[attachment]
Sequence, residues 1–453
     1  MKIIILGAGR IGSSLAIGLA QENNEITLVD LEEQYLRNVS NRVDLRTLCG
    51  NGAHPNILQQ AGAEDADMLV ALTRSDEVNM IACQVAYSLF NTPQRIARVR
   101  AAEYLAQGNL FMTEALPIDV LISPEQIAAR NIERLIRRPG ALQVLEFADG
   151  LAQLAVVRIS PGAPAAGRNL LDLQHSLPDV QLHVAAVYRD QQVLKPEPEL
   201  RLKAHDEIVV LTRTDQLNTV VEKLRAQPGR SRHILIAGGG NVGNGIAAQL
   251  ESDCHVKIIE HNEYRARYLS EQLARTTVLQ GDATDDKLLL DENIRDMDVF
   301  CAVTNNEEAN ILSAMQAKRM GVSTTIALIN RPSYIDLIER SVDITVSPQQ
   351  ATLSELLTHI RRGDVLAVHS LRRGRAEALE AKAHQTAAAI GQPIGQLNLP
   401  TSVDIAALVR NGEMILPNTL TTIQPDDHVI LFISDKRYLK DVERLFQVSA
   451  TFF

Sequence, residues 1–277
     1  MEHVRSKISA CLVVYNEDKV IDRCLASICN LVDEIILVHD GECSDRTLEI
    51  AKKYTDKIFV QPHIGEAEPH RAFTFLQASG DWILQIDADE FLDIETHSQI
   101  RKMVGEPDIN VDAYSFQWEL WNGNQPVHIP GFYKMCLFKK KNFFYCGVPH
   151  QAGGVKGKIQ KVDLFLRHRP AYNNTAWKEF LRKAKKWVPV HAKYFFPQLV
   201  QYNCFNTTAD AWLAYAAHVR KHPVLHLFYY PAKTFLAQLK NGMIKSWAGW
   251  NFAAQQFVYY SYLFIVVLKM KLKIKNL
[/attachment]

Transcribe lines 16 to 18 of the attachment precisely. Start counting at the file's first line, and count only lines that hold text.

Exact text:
   151  QAGGVKGKIQ KVDLFLRHRP AYNNTAWKEF LRKAKKWVPV HAKYFFPQLV
   201  QYNCFNTTAD AWLAYAAHVR KHPVLHLFYY PAKTFLAQLK NGMIKSWAGW
   251  NFAAQQFVYY SYLFIVVLKM KLKIKNL